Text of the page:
The hard disk has a cache in hardware that handles data that is read frequently.
There may also be a drive cache in the software. When this feature is enabled for a device, the process moves to the cache as it is being written to and lazily to the hard drive. Similarly, reads would first read from the cache. This means that the write might not be committed even though the system sees a file written to a device. For this reason, you should tell the operating system that you want to remove the device to make sure that it writes before you remove it. Yes, this was enabled by default for USB drives on Windows.
The operating system then has a file cache in which some files are stored. You know that there is an API for emptying / synchronizing file streams, right? Well, this cache. And yes, depending on the operating system, this cache may persist for a while after the process that opened the file has been closed.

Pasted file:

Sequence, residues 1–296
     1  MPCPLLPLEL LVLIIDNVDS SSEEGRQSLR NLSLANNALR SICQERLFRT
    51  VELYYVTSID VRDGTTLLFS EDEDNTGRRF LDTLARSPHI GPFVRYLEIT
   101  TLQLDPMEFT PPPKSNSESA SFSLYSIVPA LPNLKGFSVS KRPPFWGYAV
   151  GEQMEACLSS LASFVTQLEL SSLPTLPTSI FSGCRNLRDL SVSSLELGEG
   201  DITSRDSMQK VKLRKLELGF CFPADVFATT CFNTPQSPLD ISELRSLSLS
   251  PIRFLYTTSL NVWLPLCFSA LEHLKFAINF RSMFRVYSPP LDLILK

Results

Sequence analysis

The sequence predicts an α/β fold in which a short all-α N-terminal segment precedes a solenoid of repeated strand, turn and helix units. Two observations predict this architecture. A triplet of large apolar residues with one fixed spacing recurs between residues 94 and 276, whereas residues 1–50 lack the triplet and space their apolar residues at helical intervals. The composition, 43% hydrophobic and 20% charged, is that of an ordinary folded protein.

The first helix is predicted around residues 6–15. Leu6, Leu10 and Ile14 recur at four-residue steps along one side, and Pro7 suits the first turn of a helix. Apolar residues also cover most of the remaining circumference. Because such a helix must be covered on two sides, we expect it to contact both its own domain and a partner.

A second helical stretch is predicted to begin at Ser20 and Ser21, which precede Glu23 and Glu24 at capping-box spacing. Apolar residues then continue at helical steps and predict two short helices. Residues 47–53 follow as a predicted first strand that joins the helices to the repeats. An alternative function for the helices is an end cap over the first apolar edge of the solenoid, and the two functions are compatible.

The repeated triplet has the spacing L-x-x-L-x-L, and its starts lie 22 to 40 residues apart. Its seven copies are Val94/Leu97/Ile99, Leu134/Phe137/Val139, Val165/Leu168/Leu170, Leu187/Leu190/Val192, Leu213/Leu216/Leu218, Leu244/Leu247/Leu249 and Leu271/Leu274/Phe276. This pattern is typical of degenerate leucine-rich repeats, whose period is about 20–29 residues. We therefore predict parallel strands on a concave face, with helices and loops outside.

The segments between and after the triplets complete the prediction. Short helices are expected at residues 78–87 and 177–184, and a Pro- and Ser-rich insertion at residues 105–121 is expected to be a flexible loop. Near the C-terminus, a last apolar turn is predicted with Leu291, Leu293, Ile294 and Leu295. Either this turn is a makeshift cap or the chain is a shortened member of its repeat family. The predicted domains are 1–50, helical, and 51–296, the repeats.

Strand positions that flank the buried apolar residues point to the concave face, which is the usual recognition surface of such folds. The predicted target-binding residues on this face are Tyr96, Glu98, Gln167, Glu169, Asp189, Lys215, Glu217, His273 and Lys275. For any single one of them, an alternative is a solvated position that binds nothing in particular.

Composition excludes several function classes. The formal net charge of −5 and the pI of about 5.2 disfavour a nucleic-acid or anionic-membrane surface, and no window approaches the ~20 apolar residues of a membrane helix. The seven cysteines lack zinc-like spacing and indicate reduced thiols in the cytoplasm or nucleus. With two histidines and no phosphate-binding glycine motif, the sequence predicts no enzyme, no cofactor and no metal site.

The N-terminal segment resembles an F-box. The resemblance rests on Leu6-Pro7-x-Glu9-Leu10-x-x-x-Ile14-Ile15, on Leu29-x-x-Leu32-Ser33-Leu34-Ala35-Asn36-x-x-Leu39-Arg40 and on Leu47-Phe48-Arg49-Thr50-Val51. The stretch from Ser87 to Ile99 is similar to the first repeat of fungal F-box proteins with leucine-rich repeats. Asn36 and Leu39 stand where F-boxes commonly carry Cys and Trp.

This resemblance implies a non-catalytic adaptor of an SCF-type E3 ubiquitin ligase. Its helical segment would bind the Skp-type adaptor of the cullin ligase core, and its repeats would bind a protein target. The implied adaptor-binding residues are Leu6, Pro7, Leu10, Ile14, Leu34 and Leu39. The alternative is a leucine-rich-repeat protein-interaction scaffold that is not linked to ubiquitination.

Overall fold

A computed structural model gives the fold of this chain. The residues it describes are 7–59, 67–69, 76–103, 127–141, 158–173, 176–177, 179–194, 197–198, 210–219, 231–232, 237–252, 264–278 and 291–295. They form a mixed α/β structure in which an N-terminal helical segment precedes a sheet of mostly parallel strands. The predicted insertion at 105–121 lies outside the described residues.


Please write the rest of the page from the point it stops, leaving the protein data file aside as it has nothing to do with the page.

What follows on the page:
If code is interpreted or compiled just in time (for example, scripts for the game), there could be an opcode cache. It's also worth noting that some applications generate native images on the first pass (though they should remain valid indefinitely).
Similarly, games could be downloaded (eg, game event schedules, in-store opportunities, etc.) and even decompressed and optimized (eg textures scaled), what was downloaded … to a temporary folder from where they originated If this is not the case you are too old or otherwise invalid. No, I'm not talking about patches or updates, but about data that routinely changes.
Finally, some games use a custom caching service. The idea is to provide a unified cache solution for different operating systems and configurations. This service can remain open after the process is complete while everything is being deleted / synchronized.
I may have missed another form of caching that might occur in a Windows game. This is not a complete list.